Registering a Death

Registering a Death

New arrangements for the certification and registration of deaths in Scotland were introduced on 13 May 2015. This included the establishment of an independent review service run by Healthcare Improvement Scotland. Information on all aspects of the Death Certification Review Service is available on the Healthcare Improvement Scotland website.

If you wish to make an application for an advanced registration, please inform the registrar when you attend to register the death. An application form is attached but it is not essential to complete this prior to attending the registration office.

Who can Register a Death in Scotland?

The death can be registered by:

  • Any relative of the deceased, or
  • Any person present when the person died, or
  • The deceased's executor or other legal representative, or
  • The occupier of the property where the person died, or if there is no such person,
  • Anyone else who knows the information to be registered.

How and Where do I Register a Death?

Any death which occurs in Scotland must be registered within eight days of the date of death by the Registrar of Births, Deaths and Marriages. The law allows a death to be registered in any registration district in Scotland. You can obtain the address of the local registrar from the undertaker, the hospital, the doctor, the telephone book (see under 'Registration of Births, Death and Marriages') and the Directory of Registrars in Scotland (70 KB PDF).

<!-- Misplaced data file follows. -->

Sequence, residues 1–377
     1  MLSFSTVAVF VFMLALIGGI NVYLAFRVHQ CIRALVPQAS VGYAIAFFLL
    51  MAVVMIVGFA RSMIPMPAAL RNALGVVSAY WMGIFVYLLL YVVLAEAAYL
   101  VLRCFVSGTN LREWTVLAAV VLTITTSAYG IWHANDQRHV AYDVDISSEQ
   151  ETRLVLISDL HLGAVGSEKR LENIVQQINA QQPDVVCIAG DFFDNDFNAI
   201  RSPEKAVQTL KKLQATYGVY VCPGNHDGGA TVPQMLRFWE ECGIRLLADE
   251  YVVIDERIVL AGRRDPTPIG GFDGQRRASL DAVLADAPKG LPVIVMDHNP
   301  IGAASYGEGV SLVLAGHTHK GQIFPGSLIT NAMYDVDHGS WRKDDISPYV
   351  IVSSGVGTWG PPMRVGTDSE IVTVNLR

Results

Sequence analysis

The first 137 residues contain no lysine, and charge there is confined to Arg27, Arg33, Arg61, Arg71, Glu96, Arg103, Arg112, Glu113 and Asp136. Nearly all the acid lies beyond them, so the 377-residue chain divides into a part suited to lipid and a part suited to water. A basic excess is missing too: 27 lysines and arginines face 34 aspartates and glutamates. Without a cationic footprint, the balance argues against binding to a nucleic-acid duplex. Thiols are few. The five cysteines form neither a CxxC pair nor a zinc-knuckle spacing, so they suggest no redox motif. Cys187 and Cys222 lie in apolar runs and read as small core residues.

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The opening hours of registration offices varies between local authorities and some operate an appointments system. You should therefore check with the relevant local authority before attending an office. Please note that a burial or cremation cannot take place before the death has been registered.

What Documents should I take to the Registrar?

You should take with you:

  • The medical certificate of cause of death;
  • The deceased's birth and marriage certificate;
  • The deceased's NHS medical card;
  • Any documents relating to the receipt of a pension or allowance from government funds.

Provided you have the medical certificate of cause of death, do not worry if any of the other documents are not available as the registrar can still proceed to register the death.

When the registration is complete the registrar will give you, free of charge:

  • A certificate of registration of death for production to the person in charge of the burial ground or crematorium;
  • A Social Security registration or notification of death certificate for use in obtaining or adjusting Social Security benefits.
  • An abbreviated extract (i.e. excluding cause of death and parentage details) of the death entry.

You can obtain a full extract of the death entry for a fee.

Other Useful information

The Scottish Government booklet “What to do after a death in Scotland” is available on the Scottish Government website, gives practical advice for bereaved people and is widely available in registration offices.  You can also get a copy by telephoning 0131 244 2193.

What if the Death Occurs Abroad?

You must register the death according to the regulations in the country where the person died. You will be given a local death certificate.

This local death certificate will be accepted in the UK. It may need to be a certified translation of the document if it is not in English.

You can also apply to register the death with the UK authorities. You don’t have to do this, but it means that a record of the death will be sent to the National Records of Scotland and you can order a consular death registration certificate from New Register House.

More information can be found here: https://www.gov.uk/register-a-death/y/overseas